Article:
I then ordered books to be procured, and by the direction of the vicar had in a few weeks a closet elegantly furnished. You will, perhaps, be surprised when I shall tell you, that when once I had ranged them according to their sizes, and piled them up in regular gradations, I had received all the pleasure which they could give me. I am not able to excite in myself any curiosity after events which have been long passed, and in which I can, therefore, have no interest; I am utterly unconcerned to know whether Tully or Demosthenes excelled in oratory, whether Hannibal lost Italy by his own negligence or the corruption of his countrymen. I have no skill in controversial learning, nor can conceive why so many volumes should have been written upon questions, which I have lived so long and so happily without understanding. I once resolved to go through the volumes relating to the office of justice of the peace, but found them so crabbed and intricate, that in less than a month I desisted in despair, and resolved to supply my deficiencies by paying a competent salary to a skilful clerk.

I am naturally inclined to hospitality, and for some time kept up a constant intercourse of visits with the neighbouring gentlemen; but though they are easily brought about me by better wine than they can find at any other house, I am not much relieved by their conversation; they have no skill in commerce or the stocks, and I have no knowledge of the history of families or the factions of the country; so that when the first civilities are over, they usually talk to one another, and I am left alone in the midst of the company. Though I cannot drink myself, I am obliged to encourage the circulation of the glass; their mirth grows more turbulent and obstreperous; and before their merriment is at an end, I am sick with disgust, and, perhaps, reproached with my sobriety, or by some sly insinuations insulted as a cit.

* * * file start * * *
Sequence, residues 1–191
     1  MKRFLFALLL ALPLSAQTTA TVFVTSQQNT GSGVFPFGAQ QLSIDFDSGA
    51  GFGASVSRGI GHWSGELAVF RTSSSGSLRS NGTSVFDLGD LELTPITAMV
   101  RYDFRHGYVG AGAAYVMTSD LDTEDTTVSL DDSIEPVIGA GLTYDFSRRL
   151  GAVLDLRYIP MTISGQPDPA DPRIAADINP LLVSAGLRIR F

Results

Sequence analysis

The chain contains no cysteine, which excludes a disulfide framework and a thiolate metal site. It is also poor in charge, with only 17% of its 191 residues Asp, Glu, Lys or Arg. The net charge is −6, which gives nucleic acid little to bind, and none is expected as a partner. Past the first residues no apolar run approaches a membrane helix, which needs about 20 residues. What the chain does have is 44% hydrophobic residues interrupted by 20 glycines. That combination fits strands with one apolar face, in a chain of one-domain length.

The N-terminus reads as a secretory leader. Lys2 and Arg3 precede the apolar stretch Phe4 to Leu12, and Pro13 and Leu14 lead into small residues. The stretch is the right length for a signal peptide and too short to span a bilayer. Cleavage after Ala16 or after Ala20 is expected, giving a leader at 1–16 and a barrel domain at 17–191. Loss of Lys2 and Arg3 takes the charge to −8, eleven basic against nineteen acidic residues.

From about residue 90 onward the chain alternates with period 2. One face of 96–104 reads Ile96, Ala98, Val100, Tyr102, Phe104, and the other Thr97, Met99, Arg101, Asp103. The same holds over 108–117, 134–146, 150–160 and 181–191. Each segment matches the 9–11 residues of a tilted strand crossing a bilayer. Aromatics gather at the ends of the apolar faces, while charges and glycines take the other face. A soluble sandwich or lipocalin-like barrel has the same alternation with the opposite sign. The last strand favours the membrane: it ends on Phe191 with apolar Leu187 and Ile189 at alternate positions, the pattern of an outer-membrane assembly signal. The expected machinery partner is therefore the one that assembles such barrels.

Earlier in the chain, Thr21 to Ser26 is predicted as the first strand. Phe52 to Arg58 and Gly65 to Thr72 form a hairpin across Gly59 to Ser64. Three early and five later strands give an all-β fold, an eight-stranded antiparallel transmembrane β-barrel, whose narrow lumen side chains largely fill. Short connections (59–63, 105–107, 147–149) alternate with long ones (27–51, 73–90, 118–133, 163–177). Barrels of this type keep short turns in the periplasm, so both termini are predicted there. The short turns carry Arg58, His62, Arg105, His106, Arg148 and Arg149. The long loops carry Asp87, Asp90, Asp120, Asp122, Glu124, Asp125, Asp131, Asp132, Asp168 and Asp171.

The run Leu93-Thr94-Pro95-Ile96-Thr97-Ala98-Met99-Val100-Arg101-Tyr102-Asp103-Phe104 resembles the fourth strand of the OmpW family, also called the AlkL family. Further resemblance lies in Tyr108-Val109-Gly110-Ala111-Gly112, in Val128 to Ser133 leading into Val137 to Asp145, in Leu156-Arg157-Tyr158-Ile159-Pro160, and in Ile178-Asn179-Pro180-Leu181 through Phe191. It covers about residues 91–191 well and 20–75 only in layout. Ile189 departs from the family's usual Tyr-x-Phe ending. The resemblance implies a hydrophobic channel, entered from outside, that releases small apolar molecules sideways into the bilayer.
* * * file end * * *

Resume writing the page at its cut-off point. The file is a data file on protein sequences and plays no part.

Such, Mr. Adventurer, is the life to which I am condemned by a foolish endeavour to be happy by imitation; such is the happiness to which I pleased myself with approaching, and which I considered as the chief end of my cares and my labours. I toiled year after year with cheerfulness, in expectation of the happy hour in which I might be idle: the privilege of idleness is attained, but has not brought with it the blessing of tranquillity.

I am yours, &c.